After weight loss surgery, the goal is to improve long-term outcomes for bariatric surgery patients, including decreasing the necessity for a revision after weight loss surgery. Bariatric surgery results in a physiologic reset within the body that helps patients lose weight and maintain that weight loss long term. However, in some circumstances, a patient may regain a lot of their weight or have other complications that require a revision after bariatric surgery. 

Reasons for a Revision after Weight Loss Surgery

The surgery creates a metabolic response in your body to help with extreme weight loss. “Metabolic” refers to the biochemical processes involved in the body’s ability to convert food into energy, ultimately involved in the body’s normal functioning. The metabolic response that leads to weight loss will unfortunately not last without an overall lifestyle change. 

A lot of patients are not educated on this pre-operatively, and they may start to slip into bad habits after their surgery if they assume the surgery itself will “fix” their weight. That is when we start talking about a revision after weight loss surgery. 

Things to Consider Before a Revision after Weight Loss Surgery

In most bariatric programs, when patients are interested in a revision after weight loss surgery, we will put them on a 6-month weight regain program. This involves visits with a dietitian to get their diet back on track and visits with the bariatric psychologist to help them see through any emotional reasons why they might have gained too much weight. We will also do some imaging, such as an endoscopy and radiographic imaging, to make sure the anatomy of your bariatric surgery is still intact.

Ultimately, we will try to do everything we can to help the patient lose the regained weight without surgery. Depending on how much weight the patient has regained, this is not always possible. If we are not able to see a substantial jump in their weight loss, then we will begin to start talking about the various types of revisions you can have. 

Types of Revisions after Weight Loss Surgery

The most popular operation that we have seen over the last ten years is the gastric sleeve. The gastric sleeve is a bariatric procedure in which the surgeon will remove about 70 to 80% of the stomach, resulting in a smaller, banana-shaped stomach. Patients who have the gastric sleeve can expect to lose 65 to 75% of their excess weight, yet studies have found that patients 10+ years post-op will regain for an average excess weight loss of 50%. 

The gastric sleeve is popular because it is an effective, fairly quick operation and, in some places, is being done as an outpatient procedure. The gastric sleeve will remain an effective operation as long as the patient’s diet stays in check. But unfortunately, that doesn’t always happen. With this particular operation, because we are not doing any small bowel bypass, patients will absorb everything they eat; therefore, they are more likely to experience regain after the gastric sleeve.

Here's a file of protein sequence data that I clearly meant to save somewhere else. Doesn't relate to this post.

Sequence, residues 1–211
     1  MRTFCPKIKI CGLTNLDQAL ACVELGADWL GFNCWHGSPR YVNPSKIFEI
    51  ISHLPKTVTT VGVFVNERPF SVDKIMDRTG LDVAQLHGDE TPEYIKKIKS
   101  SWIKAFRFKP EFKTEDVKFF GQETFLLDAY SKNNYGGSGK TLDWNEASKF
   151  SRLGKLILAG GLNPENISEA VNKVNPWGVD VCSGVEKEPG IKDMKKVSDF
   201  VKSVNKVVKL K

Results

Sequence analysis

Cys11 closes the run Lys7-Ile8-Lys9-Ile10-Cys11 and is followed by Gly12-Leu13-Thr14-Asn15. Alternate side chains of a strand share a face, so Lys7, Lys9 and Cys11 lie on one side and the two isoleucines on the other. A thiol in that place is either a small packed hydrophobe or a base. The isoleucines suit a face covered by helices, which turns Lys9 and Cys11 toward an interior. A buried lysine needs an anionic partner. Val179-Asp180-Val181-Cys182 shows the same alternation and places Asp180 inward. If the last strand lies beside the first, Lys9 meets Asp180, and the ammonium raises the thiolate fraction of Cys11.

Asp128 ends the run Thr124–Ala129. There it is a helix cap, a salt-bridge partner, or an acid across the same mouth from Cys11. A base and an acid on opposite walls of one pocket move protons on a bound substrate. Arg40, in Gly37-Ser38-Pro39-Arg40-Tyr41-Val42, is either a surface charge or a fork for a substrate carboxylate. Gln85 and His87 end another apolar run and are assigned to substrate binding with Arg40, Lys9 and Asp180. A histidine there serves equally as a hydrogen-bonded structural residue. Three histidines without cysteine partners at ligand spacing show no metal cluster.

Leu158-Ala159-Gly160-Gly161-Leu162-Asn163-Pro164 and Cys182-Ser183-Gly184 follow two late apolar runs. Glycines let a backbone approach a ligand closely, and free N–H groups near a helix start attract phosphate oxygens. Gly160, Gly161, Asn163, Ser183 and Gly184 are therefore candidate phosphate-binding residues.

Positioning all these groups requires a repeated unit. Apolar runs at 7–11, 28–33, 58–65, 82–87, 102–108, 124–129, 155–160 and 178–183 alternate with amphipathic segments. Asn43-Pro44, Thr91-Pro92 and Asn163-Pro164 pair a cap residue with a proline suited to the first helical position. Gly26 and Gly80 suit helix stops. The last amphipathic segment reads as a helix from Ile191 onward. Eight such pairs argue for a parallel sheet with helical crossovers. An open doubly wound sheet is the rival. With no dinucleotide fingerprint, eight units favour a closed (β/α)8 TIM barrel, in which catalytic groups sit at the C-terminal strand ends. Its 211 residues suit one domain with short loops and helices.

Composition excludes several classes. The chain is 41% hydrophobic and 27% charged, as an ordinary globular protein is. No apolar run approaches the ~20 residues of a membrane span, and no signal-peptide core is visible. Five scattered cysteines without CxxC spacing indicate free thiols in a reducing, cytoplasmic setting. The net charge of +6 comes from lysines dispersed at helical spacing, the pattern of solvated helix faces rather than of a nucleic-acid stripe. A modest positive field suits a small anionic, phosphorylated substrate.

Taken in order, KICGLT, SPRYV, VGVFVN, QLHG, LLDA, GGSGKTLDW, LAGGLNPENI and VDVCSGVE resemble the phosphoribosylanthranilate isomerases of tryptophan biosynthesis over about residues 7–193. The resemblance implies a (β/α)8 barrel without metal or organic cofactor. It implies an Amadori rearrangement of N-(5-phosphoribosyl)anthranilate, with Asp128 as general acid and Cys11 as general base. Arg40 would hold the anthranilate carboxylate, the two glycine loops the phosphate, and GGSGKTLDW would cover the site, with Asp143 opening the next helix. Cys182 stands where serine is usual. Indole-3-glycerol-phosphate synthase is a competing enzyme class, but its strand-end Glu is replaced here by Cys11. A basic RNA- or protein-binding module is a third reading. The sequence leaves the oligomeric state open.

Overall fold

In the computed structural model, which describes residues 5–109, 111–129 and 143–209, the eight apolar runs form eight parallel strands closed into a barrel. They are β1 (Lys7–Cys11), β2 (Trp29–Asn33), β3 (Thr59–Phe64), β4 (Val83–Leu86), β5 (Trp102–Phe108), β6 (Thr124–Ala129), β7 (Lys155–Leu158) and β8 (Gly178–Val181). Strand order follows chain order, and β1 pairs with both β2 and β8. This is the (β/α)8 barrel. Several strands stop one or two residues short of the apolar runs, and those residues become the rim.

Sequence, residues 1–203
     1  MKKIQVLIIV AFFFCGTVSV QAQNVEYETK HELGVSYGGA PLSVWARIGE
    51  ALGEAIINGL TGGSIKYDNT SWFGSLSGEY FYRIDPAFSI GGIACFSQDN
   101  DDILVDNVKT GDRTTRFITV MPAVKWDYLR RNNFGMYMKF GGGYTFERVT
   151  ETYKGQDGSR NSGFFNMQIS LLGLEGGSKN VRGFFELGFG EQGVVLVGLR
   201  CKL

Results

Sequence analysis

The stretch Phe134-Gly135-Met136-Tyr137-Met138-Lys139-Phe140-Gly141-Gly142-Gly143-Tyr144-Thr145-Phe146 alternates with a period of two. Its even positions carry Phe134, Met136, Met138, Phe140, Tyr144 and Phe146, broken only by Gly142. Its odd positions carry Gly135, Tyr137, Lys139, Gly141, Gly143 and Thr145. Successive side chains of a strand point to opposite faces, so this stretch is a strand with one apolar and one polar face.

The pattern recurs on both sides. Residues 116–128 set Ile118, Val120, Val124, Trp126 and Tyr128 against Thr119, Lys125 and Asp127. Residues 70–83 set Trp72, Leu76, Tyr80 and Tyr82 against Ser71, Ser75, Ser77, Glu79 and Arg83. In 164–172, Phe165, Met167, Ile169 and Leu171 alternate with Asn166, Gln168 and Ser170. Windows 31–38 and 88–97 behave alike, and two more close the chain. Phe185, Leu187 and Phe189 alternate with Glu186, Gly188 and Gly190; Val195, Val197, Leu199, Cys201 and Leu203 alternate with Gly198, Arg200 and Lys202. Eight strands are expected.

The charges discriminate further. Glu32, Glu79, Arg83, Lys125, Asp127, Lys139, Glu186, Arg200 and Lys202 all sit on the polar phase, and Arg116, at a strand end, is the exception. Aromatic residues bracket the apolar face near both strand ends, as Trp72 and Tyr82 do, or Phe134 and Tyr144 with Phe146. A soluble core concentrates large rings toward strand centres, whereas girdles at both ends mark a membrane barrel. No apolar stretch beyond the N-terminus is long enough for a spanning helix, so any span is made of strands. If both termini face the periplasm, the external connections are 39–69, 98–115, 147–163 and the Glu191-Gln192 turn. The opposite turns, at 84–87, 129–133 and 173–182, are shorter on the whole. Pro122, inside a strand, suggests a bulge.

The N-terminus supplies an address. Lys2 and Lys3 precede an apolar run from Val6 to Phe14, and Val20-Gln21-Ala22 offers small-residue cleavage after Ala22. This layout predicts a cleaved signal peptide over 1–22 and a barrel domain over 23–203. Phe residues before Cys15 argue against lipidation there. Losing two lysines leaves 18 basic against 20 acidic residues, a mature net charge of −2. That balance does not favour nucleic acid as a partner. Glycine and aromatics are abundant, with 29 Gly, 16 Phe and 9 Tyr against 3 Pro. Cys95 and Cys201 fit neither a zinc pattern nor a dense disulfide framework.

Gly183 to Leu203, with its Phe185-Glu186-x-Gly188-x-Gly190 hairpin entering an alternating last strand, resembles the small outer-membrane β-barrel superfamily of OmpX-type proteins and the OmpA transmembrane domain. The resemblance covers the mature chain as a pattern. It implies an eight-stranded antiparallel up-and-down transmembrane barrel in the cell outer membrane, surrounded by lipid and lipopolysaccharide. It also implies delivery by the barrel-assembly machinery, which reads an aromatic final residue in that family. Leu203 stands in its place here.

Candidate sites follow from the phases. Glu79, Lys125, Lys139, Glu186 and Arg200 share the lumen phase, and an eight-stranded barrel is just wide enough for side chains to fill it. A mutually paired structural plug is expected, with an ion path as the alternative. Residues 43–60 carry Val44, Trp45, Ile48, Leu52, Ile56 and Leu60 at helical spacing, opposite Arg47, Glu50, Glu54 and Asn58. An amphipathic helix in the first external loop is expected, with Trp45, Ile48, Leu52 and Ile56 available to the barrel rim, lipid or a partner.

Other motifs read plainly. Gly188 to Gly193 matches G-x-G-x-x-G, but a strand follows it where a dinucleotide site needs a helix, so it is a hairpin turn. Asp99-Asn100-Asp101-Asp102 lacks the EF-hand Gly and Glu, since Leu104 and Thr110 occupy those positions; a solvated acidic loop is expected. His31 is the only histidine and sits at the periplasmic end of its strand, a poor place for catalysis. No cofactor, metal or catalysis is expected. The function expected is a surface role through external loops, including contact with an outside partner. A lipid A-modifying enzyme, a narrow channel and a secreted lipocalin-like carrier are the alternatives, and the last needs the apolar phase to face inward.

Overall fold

When a revision after the gastric sleeve is necessary, it can be done relatively quickly and safely. We can easily convert a gastric sleeve to a gastric bypass, a mini gastric bypass, a duodenal switch, a single anastomosis, or a SADI duodenal switch. Bariatric revisions are a bit more complex when patients have had the gastric bypass or duodenal switch. Although weight regain is not as common with these procedures, it does happen, and revisions need to be considered in some cases. 

A study found that the rate of revisions for patients who were 10+ years out from surgery were 26% for the band, 9.8% for the sleeve, and 4.9% for the gastric bypass. 

There have been a number of different procedures that have come along to try and squeeze a little bit more weight loss. Yet, none of them are great options or very easy to do. The types of procedures for a revision of the gastric bypass are the transoral outlet reduction, lengthening of the roux limb, the addition of a gastric band, or conversion to a duodenal switch. 

We try to do everything we can with our patients pre-operatively to help them avoid going back to the operating room, but when those things don’t work, we can reverse the gastric bypass. In our practice, we do a fair number of gastric bypass reversals to a duodenal switch for patients who have had significant weight regain. 

How to Avoid Having to Consider a Revision after Weight Loss Surgery

Follow-up is one of the most influential factors in a patient’s long-term weight loss success. Patients who regularly follow up with the bariatric surgery and care team are two times more likely to experience better results and more sustained weight loss. Similarly, several studies show that ongoing interaction with your bariatric surgeon or support groups significantly improves weight maintenance and long-term success. 

Yet when they need to have a revision after weight loss surgery, you want to visit a surgeon who is experienced in performing bariatric revisions. Schedule an appointment with our office and get started on your weight loss journey. 

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This article was originally published on the  Bariatric Centers of America website